COPYRIGHT RAMI J SERHAN, MD 2010

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Many parents spend tremendous energy finding the right school for their children or saving up for a private school that their neighbors are sending their kids to. Many others burden themselves financially getting their kids lessons in music or martial arts or what have you from among the obvious ideas that float around in communities in an effort to open their children’s minds and horizons. Unfortunately, as popular as these things are, they are all non-essential to a child’s development and to what a child will grow up to be, especially a sensitive child. It is not the job of the parents to induce their child into a certain field of study or to steer them in a defined artistic or sports direction or to find them the best school ever. It is the job of the parents to spend sufficient time with their kids and to provide the loving, encouraging environment needed for the child to flourish on his or her own. This is essential for the child to find his or her own natural inclinations toward certain fields of interests through personal subjective experimentation. Additionally, consuming your kid’s energy in activities not in harmony with her core inner passions serves as a distraction and diversion away from living the life she is supposed to live, based on ‘who she is’, and not based on how society or the neighbors would like her to be. Filling up your child’s days with activities you deem appropriate, may mask their inner passion and prevent them from finding who they are. Ironically finding and financing the “right” activities for children, takes away from the parent’s energy and patience, something badly needed for a child to thrive. This is another one of those ‘inverted priorities’ I allude to occasionally. 4- Industriousness Inhibited children who are punished for “creating a mess” may have great difficulty figuring out anything for themselves or making choices. If one is not given a real chance to make choices then one never develops the proficiency to formulate criteria necessary to making choices. These kids develop into a sense of inferiority and inadequacy, which further prevents them from being able to grow into who they actually are. The experimentation property, when allowed to flourish freely, comes in handy for a pre-schooler transitioning into the school years. There is a certain degree of industriousness needed for a kid going to school including sitting for several hours in class, learning academic skills and sports and interacting with many other kids at once and so forth and eventually to explore and uncover their passion for specific subjects in life. Industriousness may mean different things in different kids. For some it means proficiency in reading and comprehension, for others it means proficiency in working and fixing computers and for others it means dressing a doll uniquely. It matters not what a kid is developing industriousness at. It only matters that he or she is learning the value of completing work and taking pride in their creation. The parents’ role is to open up the possibilities and not assign “gender-appropriate” tasks or enforce their biased sense of what their kid ought to be filling his or her days with. Many kids who cannot gain the self-confidence and esteem due to their parents pre-conceived attitudes may linger many years before they are able to find what they are passionate about in life. They will, as they grow up, go on a search trying multitudes of things that may or may not fit their personality until they find their passion. This is a dangerous proposition and many people get seriously injured and are taken off track before they are even able to get to know their passion in life. This is how many young sensitive adults are exploited, taken advantage of and many times end up getting lost to oblivion and isolation. They may not be able to identify their passion early on, and a sense of incompleteness inside leads them to start a search for the missing parts. However, there are many predators out there waiting for a young person unsure of him or herself to exploit them sexually, personally, and professionally. Some wise up and do things like joining the Peace Corps or similar safe organizations until they find a clear path. Yet many others are ruined for good by viscous acquaintances or employers… Please note that none of these stages of development is irreversible if missed or only incompletely achieved. In fact, most people grow up with a deficiency in one or another area. However, achieving these behavioral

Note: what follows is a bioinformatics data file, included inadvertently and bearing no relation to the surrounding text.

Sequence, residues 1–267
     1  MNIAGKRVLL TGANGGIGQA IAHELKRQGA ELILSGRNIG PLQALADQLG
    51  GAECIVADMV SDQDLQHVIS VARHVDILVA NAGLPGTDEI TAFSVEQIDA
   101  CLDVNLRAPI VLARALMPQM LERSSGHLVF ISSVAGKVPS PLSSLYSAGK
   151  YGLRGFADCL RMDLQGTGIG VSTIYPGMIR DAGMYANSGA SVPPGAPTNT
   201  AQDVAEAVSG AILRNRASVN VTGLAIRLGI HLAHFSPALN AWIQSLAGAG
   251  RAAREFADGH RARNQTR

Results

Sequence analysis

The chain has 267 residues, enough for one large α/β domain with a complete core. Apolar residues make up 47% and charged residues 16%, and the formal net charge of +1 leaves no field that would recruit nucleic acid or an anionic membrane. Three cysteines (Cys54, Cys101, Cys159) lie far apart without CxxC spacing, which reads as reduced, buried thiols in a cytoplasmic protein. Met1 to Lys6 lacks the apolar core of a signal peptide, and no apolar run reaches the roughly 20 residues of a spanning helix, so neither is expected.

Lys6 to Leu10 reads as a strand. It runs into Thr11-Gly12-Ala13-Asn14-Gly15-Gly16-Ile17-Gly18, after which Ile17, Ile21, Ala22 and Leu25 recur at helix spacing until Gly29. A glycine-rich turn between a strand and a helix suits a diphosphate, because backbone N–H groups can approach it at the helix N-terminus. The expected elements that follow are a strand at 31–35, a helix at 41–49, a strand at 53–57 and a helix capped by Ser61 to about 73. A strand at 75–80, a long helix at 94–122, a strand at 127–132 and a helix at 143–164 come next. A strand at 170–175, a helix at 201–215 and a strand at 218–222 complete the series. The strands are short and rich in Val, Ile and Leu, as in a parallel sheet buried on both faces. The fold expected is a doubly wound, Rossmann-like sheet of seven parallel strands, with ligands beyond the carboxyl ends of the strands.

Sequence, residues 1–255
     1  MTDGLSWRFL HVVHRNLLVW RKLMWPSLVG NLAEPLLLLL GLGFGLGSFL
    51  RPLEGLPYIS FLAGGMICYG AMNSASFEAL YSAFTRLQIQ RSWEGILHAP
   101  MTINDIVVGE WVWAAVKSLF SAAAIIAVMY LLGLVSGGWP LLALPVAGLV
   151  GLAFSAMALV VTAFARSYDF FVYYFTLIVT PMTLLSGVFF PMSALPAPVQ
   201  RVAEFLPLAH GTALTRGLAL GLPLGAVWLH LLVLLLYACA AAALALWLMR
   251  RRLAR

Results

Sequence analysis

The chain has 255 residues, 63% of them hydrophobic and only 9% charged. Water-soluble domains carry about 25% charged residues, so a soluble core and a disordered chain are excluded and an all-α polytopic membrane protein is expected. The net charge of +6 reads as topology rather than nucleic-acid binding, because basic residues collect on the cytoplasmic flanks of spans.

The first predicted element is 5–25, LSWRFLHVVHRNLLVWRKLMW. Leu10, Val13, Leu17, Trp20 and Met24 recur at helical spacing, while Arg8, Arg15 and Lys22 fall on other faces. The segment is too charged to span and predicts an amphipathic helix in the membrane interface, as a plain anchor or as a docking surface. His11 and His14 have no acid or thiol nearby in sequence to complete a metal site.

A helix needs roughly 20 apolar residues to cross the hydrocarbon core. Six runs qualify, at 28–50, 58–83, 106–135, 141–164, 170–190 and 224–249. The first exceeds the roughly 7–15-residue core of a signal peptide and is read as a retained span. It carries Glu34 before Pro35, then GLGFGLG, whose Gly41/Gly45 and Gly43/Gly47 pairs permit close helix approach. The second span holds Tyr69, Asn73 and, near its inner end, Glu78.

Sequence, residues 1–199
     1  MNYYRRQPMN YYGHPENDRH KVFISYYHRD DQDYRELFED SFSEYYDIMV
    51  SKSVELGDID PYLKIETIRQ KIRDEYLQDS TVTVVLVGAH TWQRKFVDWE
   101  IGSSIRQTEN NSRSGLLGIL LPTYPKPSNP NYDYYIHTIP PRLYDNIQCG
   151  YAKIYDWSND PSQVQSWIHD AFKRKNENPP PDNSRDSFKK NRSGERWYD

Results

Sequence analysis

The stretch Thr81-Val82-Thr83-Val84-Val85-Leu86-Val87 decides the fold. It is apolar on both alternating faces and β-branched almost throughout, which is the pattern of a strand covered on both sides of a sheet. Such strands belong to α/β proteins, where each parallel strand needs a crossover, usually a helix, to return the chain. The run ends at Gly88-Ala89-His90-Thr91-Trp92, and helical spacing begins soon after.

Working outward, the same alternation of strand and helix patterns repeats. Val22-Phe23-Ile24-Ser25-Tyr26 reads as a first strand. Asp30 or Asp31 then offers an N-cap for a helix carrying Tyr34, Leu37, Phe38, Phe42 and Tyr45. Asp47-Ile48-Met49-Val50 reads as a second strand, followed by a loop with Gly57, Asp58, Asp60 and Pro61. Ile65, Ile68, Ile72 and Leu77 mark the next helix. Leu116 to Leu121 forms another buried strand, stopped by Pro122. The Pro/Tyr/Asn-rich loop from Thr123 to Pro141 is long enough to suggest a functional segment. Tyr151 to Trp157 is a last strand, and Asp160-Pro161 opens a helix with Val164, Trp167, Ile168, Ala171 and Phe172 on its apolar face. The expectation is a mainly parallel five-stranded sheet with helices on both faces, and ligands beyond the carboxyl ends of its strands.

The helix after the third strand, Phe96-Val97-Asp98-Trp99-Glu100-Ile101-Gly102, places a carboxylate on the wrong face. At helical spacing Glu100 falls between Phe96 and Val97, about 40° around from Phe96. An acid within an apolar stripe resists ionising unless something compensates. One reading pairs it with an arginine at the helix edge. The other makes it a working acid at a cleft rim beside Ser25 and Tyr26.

COPYRIGHT RAMI J SERHAN, MD 2010

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ESSENTIAL EMOTIONAL & SOCIAL MILESTONES IN AUTISM

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milestones early in life is that much easier than have to re-do some stages as adults. Redoing childhood milestones in adulthood is very painful and fraught with all types of dangers and viscous loops in the process.

Author: Rami Serhan, MD Medical consultant Sovereign Research http://sovereignresearch.org consultant@sovereignresearch.org (206) 659-1ASD (273) Note: this article is an excerpt of the upcoming book, “PSYCHE-SMART AUTISM”.

COPYRIGHT RAMI J SERHAN, MD 2010

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Emotional & Social development in Autism